The other day I bemoaned the fact that the Templeton competition between global workspace theory (GWT) and integrated information theory (IIT) would take so long, particularly the point about having to wait to see the role of the front and back of the brain in consciousness clarified. Well, it looks like many aren’t waiting, and studies seem to be piling up showing that the frontal regions have a role.
In a preprint of a new study, the authors discuss how they exposed monkeys to a binocular rivalry type situation. They monitored the monkeys using a no-report protocol, to minimize the possibility that the monitored activity was more about the need to report than perception. In this case, the no-report was achieved by monitoring a reflexive eye movement that had been previously shown to correlate with conscious perception. So the monkeys didn’t have to “report” by pressing a button or any other kind of volitional motor action.
The authors were able “decode the contents of consciousness from prefrontal ensemble activity”. Importantly, they were able to find this activity when other studies hadn’t, because while those other studies had depended on fMRI scans using blood oxygen levels, this study used equipment physically implanted in the monkey’s brain.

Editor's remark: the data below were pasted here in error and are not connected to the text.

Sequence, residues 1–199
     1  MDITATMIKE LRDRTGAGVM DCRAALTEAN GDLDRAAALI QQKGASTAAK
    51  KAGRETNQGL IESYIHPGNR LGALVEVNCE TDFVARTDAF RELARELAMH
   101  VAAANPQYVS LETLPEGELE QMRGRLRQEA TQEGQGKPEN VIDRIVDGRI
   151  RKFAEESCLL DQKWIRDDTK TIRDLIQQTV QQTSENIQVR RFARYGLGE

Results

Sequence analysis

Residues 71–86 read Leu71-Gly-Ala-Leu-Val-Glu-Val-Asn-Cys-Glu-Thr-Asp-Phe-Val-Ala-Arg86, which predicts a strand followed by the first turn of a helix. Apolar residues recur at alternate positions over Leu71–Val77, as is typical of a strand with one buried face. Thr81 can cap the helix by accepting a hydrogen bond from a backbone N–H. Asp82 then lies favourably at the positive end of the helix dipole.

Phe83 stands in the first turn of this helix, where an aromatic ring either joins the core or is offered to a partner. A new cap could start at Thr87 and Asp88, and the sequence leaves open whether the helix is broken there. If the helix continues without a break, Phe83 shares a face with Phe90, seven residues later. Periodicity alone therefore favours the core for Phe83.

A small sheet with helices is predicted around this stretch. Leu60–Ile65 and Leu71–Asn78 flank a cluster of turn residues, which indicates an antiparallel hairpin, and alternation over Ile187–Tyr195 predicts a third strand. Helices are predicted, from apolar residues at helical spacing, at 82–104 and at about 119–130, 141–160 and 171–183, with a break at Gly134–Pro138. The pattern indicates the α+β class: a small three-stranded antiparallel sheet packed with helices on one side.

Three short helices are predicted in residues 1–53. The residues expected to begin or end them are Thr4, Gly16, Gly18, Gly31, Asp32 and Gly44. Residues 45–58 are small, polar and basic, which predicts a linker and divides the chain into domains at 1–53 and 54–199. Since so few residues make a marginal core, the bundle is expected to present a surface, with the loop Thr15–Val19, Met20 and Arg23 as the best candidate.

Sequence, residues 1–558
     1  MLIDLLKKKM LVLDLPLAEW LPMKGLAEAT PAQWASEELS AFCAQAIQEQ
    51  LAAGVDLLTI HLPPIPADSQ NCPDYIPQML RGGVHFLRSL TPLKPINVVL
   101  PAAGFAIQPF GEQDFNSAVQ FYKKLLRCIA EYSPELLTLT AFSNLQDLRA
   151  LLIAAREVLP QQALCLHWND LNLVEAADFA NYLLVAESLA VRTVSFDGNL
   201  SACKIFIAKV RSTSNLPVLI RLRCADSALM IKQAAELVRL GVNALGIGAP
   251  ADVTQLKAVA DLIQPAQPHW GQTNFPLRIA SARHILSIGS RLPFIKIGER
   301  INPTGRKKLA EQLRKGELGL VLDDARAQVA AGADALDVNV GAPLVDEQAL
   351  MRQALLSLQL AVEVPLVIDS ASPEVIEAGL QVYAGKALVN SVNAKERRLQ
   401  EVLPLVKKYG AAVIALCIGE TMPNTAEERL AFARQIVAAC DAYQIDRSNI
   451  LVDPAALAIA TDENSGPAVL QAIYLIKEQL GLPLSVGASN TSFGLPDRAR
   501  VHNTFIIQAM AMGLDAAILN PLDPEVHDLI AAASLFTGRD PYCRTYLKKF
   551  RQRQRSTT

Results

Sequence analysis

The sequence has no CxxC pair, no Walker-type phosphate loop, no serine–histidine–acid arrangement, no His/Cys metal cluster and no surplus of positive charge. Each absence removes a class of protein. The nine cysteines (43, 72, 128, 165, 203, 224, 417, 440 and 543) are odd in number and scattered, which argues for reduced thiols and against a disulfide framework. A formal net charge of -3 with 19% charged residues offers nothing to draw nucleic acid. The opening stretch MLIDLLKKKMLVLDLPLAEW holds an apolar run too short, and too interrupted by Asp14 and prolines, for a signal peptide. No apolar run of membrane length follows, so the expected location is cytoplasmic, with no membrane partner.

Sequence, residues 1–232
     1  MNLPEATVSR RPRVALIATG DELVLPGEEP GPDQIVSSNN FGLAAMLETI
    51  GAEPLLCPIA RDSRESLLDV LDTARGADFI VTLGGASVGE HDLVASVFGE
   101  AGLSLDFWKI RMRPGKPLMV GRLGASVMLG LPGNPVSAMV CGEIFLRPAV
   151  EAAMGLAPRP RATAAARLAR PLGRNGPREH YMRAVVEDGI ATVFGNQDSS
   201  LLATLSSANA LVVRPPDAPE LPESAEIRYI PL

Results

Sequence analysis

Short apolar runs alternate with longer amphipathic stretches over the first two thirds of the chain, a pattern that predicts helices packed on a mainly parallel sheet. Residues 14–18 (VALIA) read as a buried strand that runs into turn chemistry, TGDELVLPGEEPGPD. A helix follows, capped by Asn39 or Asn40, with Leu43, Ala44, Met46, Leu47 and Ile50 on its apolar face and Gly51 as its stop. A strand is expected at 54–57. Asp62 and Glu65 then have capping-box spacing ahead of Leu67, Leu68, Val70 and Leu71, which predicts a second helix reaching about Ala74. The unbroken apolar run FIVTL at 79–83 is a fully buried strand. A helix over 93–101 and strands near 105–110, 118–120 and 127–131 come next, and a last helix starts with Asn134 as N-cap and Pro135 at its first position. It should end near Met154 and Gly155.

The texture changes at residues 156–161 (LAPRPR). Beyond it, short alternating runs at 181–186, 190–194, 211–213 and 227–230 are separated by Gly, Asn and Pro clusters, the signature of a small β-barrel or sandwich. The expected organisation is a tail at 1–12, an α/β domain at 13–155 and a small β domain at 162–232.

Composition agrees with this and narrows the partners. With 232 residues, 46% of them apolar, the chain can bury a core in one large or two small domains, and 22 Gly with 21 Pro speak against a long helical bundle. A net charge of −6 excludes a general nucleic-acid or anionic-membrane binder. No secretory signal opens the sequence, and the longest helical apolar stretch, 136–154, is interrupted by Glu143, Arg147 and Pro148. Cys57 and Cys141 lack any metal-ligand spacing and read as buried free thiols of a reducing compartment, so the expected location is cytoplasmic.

These results add support for cognitive theories of consciousness, such as GWT and higher order theories (HOT), and seem to contradict the predictions made by IIT.
Of course, it doesn’t close off every loophole. There was speculation on Twitter that Ned Block will likely point out that some variation of his no-post-perceptual-cognition protocol is necessary. In other words, it can’t be ruled out that the activity wasn’t the monkeys having cognition about their perception after the perception itself. (Which of course assumes that cognition about the perception and conscious perception are distinct things, something cognitive theories deny.)
And as I’ve noted before, I tend to doubt that the prefrontal cortex’s role will be the whole story, which seems necessary for strict HOT. It seems possible that someone could have sensory consciousness without it, but probably not affect consciousness, and not introspective consciousness.
So, not the last word, but important results. After the study last week calling into question the role of the P3b wave, it seems to get global neuronal workspace off the ropes.